Video

Video Cuba Deal is Major Victory for Pope’s Diplomatic Initiatives

Pope Francis played a key role in brokering the US-Cuba deal that was made public earlier this week. It is the most stunning success so far in a series of peacemaking efforts by the pontiff. VOA religion reporter Jerome Socolovsky has more.
Video

Video Fears of More Political Gridlock in 2015

2014 proved to be a difficult year politically for President Barack Obama and a very good year for the U.S. Republican Party. Republican gains in the November midterm elections gave them control of the Senate and House of Representatives for the next two years -- setting the stage for more confrontation and gridlock in the final two years of the Obama presidency. VOA National Correspondent Jim Malone has a preview from Washington.
Video

Video Sudan School Becomes Target of Aerial Attacks

The school dropout rate is at an all-time high in Sudan's South Kordofan state because many schools have been destroyed during the three-year civil war between the government and SPLA-N rebel forces. Adam Bailes visited Sudan's Nuba Mountains' region and reports many children are simply too scared to go to school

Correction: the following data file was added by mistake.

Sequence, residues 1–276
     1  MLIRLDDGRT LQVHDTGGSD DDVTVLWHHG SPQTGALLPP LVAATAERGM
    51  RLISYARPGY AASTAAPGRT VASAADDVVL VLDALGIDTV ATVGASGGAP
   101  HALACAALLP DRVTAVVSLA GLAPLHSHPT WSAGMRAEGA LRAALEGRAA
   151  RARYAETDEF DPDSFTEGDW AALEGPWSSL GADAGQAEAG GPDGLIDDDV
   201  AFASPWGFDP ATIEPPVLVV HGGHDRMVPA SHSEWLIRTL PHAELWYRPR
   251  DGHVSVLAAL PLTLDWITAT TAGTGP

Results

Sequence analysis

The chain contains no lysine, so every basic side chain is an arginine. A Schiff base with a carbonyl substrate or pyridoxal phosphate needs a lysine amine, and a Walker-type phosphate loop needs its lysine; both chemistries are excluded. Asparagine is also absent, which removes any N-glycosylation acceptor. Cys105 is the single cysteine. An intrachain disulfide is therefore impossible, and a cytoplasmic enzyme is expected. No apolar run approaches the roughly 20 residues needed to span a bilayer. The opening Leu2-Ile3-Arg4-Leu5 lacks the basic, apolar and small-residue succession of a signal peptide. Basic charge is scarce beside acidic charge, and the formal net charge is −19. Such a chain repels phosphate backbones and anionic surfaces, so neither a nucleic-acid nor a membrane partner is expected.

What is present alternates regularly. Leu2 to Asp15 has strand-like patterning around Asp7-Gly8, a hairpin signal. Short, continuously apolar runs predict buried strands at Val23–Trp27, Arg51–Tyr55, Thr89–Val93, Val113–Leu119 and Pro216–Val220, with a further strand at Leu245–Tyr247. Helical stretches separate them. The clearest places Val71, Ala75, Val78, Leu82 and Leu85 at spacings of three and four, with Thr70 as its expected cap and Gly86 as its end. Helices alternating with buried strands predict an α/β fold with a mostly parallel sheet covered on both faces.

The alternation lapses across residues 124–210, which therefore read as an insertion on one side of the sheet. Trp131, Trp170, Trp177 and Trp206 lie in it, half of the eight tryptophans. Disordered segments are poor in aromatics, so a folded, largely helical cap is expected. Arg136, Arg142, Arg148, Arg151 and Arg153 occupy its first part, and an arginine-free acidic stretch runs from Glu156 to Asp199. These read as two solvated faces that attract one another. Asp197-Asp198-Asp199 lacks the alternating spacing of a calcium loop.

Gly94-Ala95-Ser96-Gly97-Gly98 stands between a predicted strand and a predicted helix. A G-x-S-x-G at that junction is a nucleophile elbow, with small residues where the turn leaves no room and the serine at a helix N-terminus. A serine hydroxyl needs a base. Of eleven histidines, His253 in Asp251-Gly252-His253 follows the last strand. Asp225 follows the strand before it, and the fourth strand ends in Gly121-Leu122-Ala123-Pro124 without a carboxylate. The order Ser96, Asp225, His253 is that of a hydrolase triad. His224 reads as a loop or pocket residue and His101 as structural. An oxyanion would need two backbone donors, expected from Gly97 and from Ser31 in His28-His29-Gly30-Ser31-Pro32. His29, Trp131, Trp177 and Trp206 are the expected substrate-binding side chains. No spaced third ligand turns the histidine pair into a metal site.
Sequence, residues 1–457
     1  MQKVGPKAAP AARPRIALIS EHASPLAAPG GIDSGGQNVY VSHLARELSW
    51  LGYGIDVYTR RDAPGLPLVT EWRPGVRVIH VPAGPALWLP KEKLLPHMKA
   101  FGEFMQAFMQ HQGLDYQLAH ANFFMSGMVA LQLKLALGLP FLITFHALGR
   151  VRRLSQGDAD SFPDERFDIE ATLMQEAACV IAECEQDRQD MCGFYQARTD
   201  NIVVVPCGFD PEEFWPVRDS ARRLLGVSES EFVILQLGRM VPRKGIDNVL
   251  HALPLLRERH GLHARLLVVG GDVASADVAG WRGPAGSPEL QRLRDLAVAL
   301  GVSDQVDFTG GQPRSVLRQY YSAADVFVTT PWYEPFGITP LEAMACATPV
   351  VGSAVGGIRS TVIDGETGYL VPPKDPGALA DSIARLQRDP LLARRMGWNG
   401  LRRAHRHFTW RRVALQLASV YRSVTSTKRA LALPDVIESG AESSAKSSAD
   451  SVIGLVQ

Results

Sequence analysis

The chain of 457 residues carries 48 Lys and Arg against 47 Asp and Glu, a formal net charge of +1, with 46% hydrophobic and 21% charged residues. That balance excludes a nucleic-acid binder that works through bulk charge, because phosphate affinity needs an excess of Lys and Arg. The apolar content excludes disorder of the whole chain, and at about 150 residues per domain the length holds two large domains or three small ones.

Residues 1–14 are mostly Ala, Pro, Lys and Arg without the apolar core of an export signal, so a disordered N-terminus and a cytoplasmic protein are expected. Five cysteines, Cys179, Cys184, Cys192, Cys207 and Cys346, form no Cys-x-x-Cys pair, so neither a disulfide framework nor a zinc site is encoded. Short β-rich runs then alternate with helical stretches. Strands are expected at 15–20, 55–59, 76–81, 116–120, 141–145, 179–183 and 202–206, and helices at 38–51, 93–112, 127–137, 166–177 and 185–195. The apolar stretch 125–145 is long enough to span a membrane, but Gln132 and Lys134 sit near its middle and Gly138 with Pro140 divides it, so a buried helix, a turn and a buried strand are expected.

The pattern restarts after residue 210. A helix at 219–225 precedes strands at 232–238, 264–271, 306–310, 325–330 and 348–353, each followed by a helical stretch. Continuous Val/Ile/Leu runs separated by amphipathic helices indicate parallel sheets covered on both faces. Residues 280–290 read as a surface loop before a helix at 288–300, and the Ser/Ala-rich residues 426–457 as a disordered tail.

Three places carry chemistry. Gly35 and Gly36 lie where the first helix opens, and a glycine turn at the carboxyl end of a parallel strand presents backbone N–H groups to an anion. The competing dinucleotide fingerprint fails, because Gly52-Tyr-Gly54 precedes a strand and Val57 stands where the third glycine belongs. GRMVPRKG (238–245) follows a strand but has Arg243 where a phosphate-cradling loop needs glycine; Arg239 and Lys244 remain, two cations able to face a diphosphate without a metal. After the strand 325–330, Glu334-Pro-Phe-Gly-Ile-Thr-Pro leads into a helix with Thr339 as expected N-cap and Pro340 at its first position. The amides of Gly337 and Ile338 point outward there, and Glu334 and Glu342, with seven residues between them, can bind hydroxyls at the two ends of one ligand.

Video

Video VOA Reporter Tours Devastated Peshawar School

Islamist militants wearing military uniforms and strapped with explosives attacked a military run school Tuesday in the northwestern Pakistani city of Peshawar. At least 141 people were killed in the horrific attack, most of them young students. VOA reporter Ayaz Gul visited the devastated school and attended the funeral of the principal who courageously tried to save her students from the deadly attack.
Video

Video Nigerians Fleeing Boko Haram Languish in Camp Near Capital

In its five-year effort to impose Islamic law in northeastern Nigeria, the Boko Haram extremist group has killed thousands of people and forced hundreds of thousands to flee. Some of those who ran for their lives now live in squalor on the edges of the capital, Abuja. Chris Stein reports for VOA.
Video

Video Aceh Rebuilt Decade After Tsunami, But Scars Remain

On December 26, 2004 there was an earthquake in the Indian Ocean so powerful it caused the Earth’s axis to wobble a few centimeters. Onshore on the island of Sumatra, the resulting tsunami was devastating. A decade later, VOA Correspondent Steve Herman reports from Banda Aceh, Indonesia, where although there is little remaining evidence of the physical devastation, the psychological scars among survivors remain.

All About America

AppleAndroid